Investments  

Hermes’ Greenberg goes overweight Turkey

Hermes’ Gary Greenberg has taken a counterintuitive move to go overweight Turkey amid its severe market and currency falls.

The manager of the group’s Global Emerging Markets fund said a combination of growing political unrest and the impact from the US Federal Reserve’s moves to reduce the amount of support it gives to the economy, known as tapering, had hit Turkey.

Anti-government protests began in Turkey last summer and have continued in the run-up to the elections which are due in August.

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Prime Minister Recep Tayyip Erdogan is expected to be victorious and claim what would be his fourth term but a groundswell of support for US-based cleric Fethullah Gulen has unsettled the political landscape and created fears of instability in the country as the polls approach.

“The combination of tapering and political unrest has hit the Turkish market hard, resulting in a 30 per cent drop in dollar terms from the peak in May 2013,” Mr Greenberg said.

“Turkey’s currency has lost more than 25 per cent since May 2013, when tapering was first mentioned. Six-month Turkish Libor has jumped from 5.1 per cent to 9.4 per cent over this period, and the economy duly slumped. Given these headwinds, the market has de-rated and is now looking cheap.”

Mr Greenberg said Turkey had achieved a “large devaluation” of its currency which had helped it re-establish competitiveness against the euro.

“Technological innovation would have been our preferred method, but it looks like the job has essentially been done for now,” Mr Greenberg said.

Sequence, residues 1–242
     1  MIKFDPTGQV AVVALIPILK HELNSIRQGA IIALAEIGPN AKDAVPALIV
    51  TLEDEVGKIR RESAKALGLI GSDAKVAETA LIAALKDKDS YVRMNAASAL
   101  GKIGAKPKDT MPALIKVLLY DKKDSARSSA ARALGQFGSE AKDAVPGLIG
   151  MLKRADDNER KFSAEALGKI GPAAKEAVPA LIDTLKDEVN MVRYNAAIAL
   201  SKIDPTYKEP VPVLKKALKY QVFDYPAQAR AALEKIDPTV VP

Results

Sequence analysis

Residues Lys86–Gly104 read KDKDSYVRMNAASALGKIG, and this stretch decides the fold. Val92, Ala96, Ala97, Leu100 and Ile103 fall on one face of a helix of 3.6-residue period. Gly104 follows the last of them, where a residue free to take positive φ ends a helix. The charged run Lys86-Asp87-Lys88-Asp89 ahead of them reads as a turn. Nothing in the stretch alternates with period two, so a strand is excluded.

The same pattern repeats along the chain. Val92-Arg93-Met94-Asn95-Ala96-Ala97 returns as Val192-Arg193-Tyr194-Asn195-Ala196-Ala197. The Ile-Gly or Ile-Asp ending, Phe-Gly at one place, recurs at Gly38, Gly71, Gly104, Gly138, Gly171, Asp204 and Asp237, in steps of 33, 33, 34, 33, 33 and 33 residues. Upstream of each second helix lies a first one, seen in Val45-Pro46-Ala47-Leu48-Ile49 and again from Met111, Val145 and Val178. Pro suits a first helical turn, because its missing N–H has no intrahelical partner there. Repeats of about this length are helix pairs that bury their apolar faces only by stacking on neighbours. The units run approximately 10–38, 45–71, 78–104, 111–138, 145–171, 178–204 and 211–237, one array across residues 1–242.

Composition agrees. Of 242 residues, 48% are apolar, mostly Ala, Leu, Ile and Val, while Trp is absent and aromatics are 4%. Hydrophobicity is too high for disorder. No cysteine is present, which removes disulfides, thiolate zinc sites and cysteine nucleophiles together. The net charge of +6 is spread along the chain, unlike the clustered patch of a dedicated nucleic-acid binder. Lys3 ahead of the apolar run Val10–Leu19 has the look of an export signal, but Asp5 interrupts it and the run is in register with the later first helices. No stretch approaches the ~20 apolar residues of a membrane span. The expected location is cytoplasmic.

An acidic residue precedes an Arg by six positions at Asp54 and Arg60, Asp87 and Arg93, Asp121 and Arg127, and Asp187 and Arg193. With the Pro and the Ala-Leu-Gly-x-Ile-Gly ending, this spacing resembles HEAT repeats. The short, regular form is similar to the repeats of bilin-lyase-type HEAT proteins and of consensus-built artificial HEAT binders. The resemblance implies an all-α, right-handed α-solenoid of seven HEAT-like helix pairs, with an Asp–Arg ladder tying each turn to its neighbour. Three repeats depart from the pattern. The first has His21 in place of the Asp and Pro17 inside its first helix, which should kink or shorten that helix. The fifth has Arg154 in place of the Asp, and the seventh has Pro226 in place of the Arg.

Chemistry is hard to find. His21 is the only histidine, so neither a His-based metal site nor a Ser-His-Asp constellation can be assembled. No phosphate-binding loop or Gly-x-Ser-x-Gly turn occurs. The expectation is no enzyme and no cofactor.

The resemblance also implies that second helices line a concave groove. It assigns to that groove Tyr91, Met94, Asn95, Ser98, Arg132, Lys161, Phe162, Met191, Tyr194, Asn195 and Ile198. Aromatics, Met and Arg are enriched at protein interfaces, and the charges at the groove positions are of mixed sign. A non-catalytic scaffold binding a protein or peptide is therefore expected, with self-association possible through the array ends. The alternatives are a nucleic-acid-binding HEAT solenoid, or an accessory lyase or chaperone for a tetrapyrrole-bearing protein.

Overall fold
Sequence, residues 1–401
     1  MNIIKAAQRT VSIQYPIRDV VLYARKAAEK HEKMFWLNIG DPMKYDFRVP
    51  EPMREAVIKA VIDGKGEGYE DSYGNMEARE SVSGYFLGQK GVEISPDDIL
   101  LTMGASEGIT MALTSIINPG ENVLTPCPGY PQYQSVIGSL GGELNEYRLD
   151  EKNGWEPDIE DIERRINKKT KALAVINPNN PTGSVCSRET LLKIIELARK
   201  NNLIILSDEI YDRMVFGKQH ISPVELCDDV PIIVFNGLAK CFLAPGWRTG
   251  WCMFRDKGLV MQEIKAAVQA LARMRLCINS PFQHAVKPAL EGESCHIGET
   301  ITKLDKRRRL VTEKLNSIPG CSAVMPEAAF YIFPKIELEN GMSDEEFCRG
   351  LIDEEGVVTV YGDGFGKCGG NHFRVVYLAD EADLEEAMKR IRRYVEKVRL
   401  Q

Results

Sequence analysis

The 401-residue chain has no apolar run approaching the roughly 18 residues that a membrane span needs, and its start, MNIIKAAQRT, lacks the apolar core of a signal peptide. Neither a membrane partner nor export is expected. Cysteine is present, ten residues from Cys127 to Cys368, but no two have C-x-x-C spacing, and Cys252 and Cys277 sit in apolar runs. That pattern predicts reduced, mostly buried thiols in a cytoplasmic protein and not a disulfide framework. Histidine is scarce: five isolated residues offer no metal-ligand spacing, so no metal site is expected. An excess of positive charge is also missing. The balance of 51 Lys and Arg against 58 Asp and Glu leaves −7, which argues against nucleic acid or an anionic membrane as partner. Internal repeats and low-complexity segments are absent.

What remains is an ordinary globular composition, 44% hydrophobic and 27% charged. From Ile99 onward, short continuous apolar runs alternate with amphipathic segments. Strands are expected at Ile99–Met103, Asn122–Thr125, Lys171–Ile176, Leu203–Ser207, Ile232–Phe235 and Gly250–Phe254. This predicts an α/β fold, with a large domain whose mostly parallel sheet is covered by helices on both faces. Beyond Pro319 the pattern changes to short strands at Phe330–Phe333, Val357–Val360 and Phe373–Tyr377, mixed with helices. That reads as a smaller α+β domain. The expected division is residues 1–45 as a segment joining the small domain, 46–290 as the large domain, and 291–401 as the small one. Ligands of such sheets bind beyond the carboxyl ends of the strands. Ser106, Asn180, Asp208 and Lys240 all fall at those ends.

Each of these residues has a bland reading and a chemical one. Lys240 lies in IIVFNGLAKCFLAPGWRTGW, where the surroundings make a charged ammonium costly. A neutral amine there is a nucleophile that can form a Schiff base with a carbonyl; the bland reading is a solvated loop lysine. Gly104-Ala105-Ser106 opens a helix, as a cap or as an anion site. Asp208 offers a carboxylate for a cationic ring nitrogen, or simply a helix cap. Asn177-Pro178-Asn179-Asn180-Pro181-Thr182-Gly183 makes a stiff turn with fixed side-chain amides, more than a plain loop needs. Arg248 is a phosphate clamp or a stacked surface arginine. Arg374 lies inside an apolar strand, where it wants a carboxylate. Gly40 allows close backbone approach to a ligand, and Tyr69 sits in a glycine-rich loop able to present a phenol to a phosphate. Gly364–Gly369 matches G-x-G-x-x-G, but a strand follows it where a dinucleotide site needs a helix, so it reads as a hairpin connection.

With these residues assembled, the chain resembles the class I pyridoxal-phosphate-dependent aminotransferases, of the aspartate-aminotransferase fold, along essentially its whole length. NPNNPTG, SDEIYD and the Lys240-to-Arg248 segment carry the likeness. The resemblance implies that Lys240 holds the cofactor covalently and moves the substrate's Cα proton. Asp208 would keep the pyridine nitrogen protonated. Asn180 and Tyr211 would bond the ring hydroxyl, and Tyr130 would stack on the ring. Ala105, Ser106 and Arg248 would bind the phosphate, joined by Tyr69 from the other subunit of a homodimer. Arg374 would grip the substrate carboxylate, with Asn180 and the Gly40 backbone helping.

The manager added that because most of Turkey’s exports are to Europe, the country would also benefit from a continued economic recovery on the Continent.

Mr Greenberg acknowledged the political situation was “quite fluid and thus difficult to handicap” but he believed a political solution would be found and companies would be able to grow their profits.

“Europe’s recovery will help exports, China’s slowdown should ease pressure on commodity prices, and the growing global interest in energy extraction from shale can only help Turkey’s current account,” he said.

“This all means Turkey becomes an overweight position, on the assumption politics do not seriously derail the economy and the market’s valuation reverts to the mean.” Mr Greenberg said he owned propane gas distributor Aygaz, white goods company Arcelik and government-owned bank Halkbank.

Halkbank, which lost its chairman and 20 per cent of its market cap to a scandal recently, is perhaps the most contrarian of Mr Greenberg’s Turkish calls but the manager stated confidence in its potential returns.